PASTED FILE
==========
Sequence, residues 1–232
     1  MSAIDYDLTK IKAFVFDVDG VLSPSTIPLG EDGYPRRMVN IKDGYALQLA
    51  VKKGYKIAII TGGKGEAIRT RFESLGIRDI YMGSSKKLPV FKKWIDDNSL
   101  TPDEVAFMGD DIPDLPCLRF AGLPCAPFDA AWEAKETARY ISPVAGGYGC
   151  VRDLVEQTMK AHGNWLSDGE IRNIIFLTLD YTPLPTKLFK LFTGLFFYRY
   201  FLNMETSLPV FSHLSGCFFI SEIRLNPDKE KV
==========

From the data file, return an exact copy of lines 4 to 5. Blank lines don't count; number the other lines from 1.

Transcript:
   101  TPDEVAFMGD DIPDLPCLRF AGLPCAPFDA AWEAKETARY ISPVAGGYGC
   151  VRDLVEQTMK AHGNWLSDGE IRNIIFLTLD YTPLPTKLFK LFTGLFFYRY